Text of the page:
Are We Giving Our Kids Drugs?


I’m the senior editor of PULSE Magazine, which is a publication for alumni and friends of the Texas Tech University Health Sciences Center, and I just published one of the most terrifying stories I’ve ever read or worked on.

We live in an incredibly connected world. Everyone has a smartphone, including our children — some at a very young age. And, now, studies show that the same chemical response that we get from gambling, alcohol and drug use is present when we receive text messages. The difference is, adults can manage dopamine more successfully than adolescents can.

One of the sources I used in the story was a school principal for 26 years and is now getting his doctorate in neuroscience. He said excessive smartphone use should be a huge concern for parents today, given the scientific evidence of how these devices affect our brains. And then he blew my mind with the following statement: “What in essence is happening is we’re allowing children from 6-10 years of age access to our liquor cabinet when we give them a smartphone. They’re constantly texting so they’re continually getting high.”

Have you ever tried to take your phone away from your teenager? How did that work for you? I’ve heard some pretty concerning stories from parents who have grounded their children from devices and the withdrawal was intense. One mom said she was convinced her son had ADD and other behavioral disorders. Turns out, after eight days of no devices, he became the kid he used to be. (Read the post here.)

It doesn’t stop there. Apparently, we’re not setting our kids up for success for future careers or for future family interaction when it’s their turn to be parents. Watch this video.

I’m not raising teenagers or pre-teens right now. I have no idea about the struggles of raising adolescents. I do understand the desire of wanting to give your kids what they want, and the joy it can bring when your kid fits in with other kids. I understand that my “need” for connection is going to make me feel the “need” to give my kid a phone at some point so I can know what they’re doing and where they are at all times, given the fact that we live in a dangerous world.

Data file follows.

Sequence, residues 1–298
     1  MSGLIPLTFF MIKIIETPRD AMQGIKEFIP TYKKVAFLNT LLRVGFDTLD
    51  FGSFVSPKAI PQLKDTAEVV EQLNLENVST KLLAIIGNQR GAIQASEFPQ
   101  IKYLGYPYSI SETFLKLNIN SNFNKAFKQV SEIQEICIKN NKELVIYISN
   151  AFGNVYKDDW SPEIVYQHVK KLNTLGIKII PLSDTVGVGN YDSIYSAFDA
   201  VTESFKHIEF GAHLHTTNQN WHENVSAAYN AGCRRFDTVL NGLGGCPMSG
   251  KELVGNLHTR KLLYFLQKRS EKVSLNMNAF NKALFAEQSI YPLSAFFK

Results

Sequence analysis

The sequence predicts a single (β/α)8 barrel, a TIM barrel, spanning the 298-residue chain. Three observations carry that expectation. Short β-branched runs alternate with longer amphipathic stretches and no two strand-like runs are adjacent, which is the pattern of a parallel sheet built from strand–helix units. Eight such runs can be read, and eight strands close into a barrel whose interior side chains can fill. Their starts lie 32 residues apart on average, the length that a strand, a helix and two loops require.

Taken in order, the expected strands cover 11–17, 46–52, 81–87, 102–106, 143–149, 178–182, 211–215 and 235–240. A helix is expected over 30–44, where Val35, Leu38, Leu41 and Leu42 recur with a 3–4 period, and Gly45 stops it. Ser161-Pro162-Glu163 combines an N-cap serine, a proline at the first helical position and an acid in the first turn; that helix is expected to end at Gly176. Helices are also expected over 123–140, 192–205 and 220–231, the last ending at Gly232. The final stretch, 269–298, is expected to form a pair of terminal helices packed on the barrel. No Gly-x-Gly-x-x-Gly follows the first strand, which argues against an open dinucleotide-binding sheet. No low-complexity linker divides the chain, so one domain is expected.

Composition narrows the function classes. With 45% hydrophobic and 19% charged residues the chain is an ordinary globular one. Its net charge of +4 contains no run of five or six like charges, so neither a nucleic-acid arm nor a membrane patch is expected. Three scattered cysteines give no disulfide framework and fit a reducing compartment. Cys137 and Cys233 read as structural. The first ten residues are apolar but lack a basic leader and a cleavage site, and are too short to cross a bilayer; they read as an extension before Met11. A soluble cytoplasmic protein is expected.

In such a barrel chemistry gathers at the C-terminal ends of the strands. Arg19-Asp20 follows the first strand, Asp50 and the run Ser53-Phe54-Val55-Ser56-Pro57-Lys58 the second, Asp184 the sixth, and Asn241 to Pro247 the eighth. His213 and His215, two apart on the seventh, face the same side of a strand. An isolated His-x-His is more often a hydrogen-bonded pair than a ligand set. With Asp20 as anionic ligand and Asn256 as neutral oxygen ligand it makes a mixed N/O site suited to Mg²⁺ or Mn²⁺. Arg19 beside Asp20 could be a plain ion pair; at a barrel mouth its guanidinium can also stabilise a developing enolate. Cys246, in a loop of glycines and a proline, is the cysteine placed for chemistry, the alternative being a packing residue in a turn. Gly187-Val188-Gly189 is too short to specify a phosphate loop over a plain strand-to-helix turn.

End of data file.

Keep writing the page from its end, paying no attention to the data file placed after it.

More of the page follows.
But, make no mistake, the digital world is just as dangerous. It has a huge dark side. I think Momo on YouTube Kids has taught us that. We have to monitor our children and their smartphone usage. We have to be willing to take responsibility for something they’re simply not mature enough to handle. I pray daily that I will have the strength to do that when my time comes. Because my children deserve the best, even when they don’t know what that “best” looks like.

There’s so much about smartphones, video games, electronics, etc., and the effects these things have on our brains that we just simply don’t know yet. But preliminary studies are eye-opening.

Be careful. Know the risks. Monitor the usage.

And let me know how you handle your kids and their phones. I’m going to need advice for when it’s my turn to deal with this.



P.S. I found this article very helpful while I was researching ways to take breaks from my phone. Maybe it can help you, too. 


  1. This is a ridiculous article and a gross misunderstanding of how the brain works. This is just the pleasure response, which is “activated” anytime we experience something pleasurable. Rollercoaster? Getting a letter from Grandma with $5 in it? Going to the pet store to pick out a puppy? All actions that likely activate this brain system. There are probably some real concerns with technology for young children and teens, but I’m a neuroscientist and I’m URGING you to stop freaking people out for no good reason.

  2. Technology and constant virtual connection are more and more prevalent in our lives every day. I’m not a neuroscientist or anything, but I have older children, two of whom are adults now and smartphones are extensions of their bodies, personally and professionally. There’s no escaping the presence of smartphones, but for younger kiddos, they definitely need to learn moderation so that they can learn to develop relationships in person rather than via smartphone. This is a great article, at least from a parent’s perspective. Young kids cannot differentiate what is real, what is fantasy, and what is a hoax. As a mom, and again, not a neuroscientist, I can certainly attest that this is indeed a great article and right on par with actual experiences with young children and exposure to smartphones/tablets.

  3. Hi Amanda,
    Thank you for your feedback. The article I wrote for my magazine was based on research I was given by experts on the brain, such as yourself. According to them, and you, the pleasure response is activated anytime you experience something pleasurable. The problem is the constant flood of pleasure due to constant texting and constant social media interaction where the $5 from Grandma and new puppy are occasional things. The constant pleasure from smartphones can lead to addiction, which is never a good thing. It wasn’t my intention to freak people out — I merely wanted to call attention to the amount of time we allow our kids to access their phones. Moderation in all things is usually the best way to go and technology and smartphone access is no different. I think it’s worth the time to call attention to things that may be harmful to our children. What the readers do with the information is up to them. I will say that once I detoxed myself from my phone, I noticed many positive differences in myself. When I implemented it with my children there was nothing but positive results as well. It’s always good to have a discussion so I appreciate your participation!

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